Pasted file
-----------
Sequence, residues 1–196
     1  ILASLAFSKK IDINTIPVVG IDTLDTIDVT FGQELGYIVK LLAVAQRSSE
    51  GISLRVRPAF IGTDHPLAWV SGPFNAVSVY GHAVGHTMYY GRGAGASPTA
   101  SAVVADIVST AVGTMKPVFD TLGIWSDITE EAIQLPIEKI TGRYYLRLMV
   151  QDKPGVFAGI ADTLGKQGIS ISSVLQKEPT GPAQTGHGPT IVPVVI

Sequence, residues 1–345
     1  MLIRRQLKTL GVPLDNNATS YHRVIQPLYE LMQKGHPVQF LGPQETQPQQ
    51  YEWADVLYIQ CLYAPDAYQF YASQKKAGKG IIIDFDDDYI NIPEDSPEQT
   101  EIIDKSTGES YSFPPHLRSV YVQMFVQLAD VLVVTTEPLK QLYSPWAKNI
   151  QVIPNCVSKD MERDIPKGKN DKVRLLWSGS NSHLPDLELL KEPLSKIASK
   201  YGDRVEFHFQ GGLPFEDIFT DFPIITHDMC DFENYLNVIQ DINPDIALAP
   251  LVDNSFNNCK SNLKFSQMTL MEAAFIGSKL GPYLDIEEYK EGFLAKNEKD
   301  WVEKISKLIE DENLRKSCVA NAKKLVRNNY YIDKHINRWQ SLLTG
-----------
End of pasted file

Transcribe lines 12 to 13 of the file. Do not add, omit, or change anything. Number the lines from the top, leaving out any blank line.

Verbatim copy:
   251  LVDNSFNNCK SNLKFSQMTL MEAAFIGSKL GPYLDIEEYK EGFLAKNEKD
   301  WVEKISKLIE DENLRKSCVA NAKKLVRNNY YIDKHINRWQ SLLTG